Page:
Earthrise: How Man First Saw the Earth by Robert Poole - review by John Gribbin

John Gribbin

Destination Moon

Earthrise: How Man First Saw the Earth

By

Yale University Press 236pp £18.99 order from our bookshop
 

This is a great idea for a book, but imperfectly executed; witness the irritating use of a partially italicized title. Robert Poole’s uncontentious theme is that humankind’s (he prefers ‘man’s’) view of ourselves and our home in the Universe was altered by the images of the Earth from space, especially those obtained by the Apollo astronauts. The image of the Earth rising over the horizon of the barren Moon, shining like a blue marble (or, in Carl Sagan’s words, a ‘pale blue dot’), adorned many students’ bedrooms in the 1970s, and helped to provide the impetus for the Green movement. It is a story worth telling, but it deserves a better treatment than this.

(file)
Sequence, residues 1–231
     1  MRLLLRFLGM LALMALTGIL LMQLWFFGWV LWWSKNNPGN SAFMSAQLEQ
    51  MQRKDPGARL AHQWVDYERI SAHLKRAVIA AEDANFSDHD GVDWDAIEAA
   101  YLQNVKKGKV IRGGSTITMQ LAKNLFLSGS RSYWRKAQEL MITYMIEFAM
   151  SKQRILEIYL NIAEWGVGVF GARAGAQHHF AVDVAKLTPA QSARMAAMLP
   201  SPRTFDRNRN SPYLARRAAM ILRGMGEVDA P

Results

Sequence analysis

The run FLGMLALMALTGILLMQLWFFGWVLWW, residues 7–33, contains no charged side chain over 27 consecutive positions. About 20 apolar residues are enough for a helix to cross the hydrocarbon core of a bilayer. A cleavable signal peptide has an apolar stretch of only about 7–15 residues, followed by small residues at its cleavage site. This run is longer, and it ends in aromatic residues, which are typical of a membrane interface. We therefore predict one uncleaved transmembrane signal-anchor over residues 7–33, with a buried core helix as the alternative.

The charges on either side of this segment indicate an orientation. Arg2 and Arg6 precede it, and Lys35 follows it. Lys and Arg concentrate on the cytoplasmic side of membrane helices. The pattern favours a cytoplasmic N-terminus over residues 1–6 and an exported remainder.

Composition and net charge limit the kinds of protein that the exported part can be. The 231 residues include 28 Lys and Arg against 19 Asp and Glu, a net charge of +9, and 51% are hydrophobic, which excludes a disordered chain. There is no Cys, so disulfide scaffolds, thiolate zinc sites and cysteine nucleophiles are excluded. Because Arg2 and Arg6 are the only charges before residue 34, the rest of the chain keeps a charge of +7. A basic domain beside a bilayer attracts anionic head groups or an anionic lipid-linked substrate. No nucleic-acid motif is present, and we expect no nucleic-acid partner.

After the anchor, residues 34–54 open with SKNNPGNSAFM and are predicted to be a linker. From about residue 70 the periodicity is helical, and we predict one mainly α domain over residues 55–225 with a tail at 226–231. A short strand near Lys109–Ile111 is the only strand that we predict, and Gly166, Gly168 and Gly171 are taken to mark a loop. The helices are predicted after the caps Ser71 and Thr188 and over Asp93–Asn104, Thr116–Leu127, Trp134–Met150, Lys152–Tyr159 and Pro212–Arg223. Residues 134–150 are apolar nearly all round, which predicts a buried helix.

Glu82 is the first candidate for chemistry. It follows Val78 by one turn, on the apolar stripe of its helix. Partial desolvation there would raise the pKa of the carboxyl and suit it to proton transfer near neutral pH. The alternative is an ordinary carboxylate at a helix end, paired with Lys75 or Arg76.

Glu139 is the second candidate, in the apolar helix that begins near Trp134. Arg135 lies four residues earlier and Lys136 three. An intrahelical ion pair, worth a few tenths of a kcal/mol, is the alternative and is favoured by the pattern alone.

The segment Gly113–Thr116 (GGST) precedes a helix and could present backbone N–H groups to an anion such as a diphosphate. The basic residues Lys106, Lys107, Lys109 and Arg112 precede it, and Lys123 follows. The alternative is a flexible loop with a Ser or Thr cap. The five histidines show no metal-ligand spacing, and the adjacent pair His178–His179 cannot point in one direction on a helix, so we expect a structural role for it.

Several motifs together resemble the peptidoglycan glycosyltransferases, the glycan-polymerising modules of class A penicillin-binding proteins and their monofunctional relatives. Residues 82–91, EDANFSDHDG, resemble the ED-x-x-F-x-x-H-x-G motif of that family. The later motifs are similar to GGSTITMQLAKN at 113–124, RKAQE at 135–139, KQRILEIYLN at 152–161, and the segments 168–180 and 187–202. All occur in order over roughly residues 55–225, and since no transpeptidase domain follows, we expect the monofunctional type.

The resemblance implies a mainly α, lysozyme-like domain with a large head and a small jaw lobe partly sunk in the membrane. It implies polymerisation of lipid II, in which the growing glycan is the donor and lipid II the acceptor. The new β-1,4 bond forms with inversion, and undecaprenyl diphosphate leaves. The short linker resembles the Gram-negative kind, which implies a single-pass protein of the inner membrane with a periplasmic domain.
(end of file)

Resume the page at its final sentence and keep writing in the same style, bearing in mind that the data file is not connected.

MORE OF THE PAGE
The most telling example of the failure of imagination that has gripped the publishers is the lack of any colour illustrations inside the book. Poole quite rightly maintains in his text that the reason why these images made such a dramatic impact was that they were in colour, with the

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